In the midst of an ongoing opioid epidemic, why would anyone want to tie the hands of physicians who are working tirelessly to help patients break the cycle of addiction?
That is exactly what is happening by the state of Florida and by some of the state’s largest insurance companies. Both are systematically denying physicians the option of offering patients an FDA-approved and widely accepted opioid addiction medication.
And they are doing so for no logical reason.
The state has only one — only one! — approved drug on its “OK to use” list, while some of the largest insurers deny coverage to patients who are prescribed it. This makes no sense!
Allow me to explain.
When physicians treat opioid-addicted patients (I have practiced addiction medicine in Florida since 1991), we often rely on what is known as medication-assisted treatment or MAT. MAT usually involves both counseling and a special kind of medication specially designed to help reduce addiction cravings.
Coupled with ongoing physician engagement, MAT is widely considered the gold standard of treatment.
And speaking of the gold standard, there is a specific class of drugs that is used in this type of therapy known as buprenorphine/naloxone class of medications, and they are used to treat opioid dependence. There are several that are currently in use and are considered effective.
But despite widespread acceptance of a variety of these drugs and the universal recognition that different patients react differently to different medications, our hands are shackled by both the state (Agency for Health Care Administration) and the state’s largest insurer, Florida Blue, because they have picked just one drug for us to be able to use for MAT.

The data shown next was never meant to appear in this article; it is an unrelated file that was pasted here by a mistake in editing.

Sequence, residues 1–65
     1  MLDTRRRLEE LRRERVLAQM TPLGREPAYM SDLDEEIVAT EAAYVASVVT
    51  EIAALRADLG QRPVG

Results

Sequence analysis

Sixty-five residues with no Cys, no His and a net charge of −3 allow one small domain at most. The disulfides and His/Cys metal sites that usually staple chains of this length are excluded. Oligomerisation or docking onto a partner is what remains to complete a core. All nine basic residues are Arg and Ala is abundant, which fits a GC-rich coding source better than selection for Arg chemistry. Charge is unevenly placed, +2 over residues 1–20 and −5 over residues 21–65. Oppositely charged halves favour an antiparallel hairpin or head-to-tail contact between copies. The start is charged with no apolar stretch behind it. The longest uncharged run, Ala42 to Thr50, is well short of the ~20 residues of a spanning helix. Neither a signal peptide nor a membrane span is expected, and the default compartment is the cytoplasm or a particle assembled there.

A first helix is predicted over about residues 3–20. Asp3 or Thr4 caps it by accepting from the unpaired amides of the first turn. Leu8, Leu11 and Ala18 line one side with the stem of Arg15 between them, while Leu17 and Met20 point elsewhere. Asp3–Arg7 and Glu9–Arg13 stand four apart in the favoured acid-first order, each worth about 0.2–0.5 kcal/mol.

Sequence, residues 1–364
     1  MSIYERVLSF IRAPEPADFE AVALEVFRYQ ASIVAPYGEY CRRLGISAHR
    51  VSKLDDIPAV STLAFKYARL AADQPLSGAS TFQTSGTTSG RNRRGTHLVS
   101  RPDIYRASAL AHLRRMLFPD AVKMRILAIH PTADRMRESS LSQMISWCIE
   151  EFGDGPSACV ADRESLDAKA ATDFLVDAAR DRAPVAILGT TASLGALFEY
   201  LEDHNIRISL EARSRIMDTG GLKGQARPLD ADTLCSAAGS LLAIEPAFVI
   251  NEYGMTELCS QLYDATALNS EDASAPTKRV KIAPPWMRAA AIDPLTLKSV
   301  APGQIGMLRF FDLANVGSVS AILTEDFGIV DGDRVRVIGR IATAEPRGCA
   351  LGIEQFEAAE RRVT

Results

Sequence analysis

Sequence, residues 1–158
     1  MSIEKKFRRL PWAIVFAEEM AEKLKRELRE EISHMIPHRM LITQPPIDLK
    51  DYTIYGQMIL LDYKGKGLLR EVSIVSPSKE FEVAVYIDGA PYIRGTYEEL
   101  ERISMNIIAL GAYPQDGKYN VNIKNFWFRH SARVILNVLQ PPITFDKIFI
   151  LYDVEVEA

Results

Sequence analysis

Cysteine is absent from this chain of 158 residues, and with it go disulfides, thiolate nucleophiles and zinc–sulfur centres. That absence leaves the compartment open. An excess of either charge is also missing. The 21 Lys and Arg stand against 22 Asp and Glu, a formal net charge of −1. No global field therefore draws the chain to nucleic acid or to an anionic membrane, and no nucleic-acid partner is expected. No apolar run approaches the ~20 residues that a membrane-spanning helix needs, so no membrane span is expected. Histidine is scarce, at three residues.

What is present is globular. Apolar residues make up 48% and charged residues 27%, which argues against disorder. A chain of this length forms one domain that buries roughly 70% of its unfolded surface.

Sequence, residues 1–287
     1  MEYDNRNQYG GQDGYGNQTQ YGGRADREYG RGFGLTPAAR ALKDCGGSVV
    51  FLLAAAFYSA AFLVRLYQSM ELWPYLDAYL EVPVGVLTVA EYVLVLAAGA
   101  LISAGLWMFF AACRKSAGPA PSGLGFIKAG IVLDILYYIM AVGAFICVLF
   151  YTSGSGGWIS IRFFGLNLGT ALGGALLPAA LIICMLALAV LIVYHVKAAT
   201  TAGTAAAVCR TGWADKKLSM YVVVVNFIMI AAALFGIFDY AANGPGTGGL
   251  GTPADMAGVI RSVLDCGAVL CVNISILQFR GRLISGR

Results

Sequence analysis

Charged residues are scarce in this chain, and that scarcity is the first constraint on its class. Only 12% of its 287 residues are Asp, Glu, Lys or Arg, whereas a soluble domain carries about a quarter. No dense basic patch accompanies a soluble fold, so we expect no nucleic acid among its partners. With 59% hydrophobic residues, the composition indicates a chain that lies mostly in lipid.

As unbelievable as it may seem, these plans only offer one product in the vital buprenorphine/naloxone category which has been clinically studied and determined to be the best in class medications to treat opioid dependence.
They are wrong to deny physicians — and the patients we treat — access to effective (and yes, cost-effective) options and that’s not just me saying it.
Recently, President Trump’s Commission on Combating Drug Addiction and the Opioid Crisis and the independent Kennedy Forum (for those of you who desire bipartisan affirmation) both advocated that these kinds of barriers for treatment be removed for MAT programs and that physicians should not be restricted from availing themselves of any of the FDA-approved drugs in this class. And to be crystal clear, I am not talking about “experimental” therapeutics, nor am I suggesting that any drug be used off-label.
I am talking about long-established drugs that are widely accepted across this country and by the FDA as being an effective option for doctors and the patients we treat for opioid addiction.
In closing, I want to stress that I am merely advocating for the option. I am not advocating that one drug be required or preferred over another, but only to let the doctor make that choice in consultation with his or her patient.
Physicians need choices simply because different patients require treatment options as each person and each circumstance is unique. Quite frankly, there is no scientific, clinical or economic reason the state has selected only one brand/type of MAT treatment drug and has functionally excluded all others.
Likewise, there is no logic behind the move that some insurers, like Florida Blue, for example, have taken to also tie our hands by denying patients coverage of additional FDA approved buprenorphine/naloxone products.
The opioid crisis is real. Real people are really dying every single day in our state. State bureaucrats and insurance company employees — the vast majority of whom will never treat a single patient in their entire careers — need to allow those of us with years of classroom and thousands of hours of clinical training the tools we need to help end this crisis.
Every two hours a Floridian dies from an opioid overdose. We need help now.
Dr. Amit Vijapura is the medical director for Jacksonville-based Vijapura Behavioral Health. Dr. Vijapura is board certified in the practice of psychiatry and addiction medicine. He is President of the Jacksonville Psychiatry Society.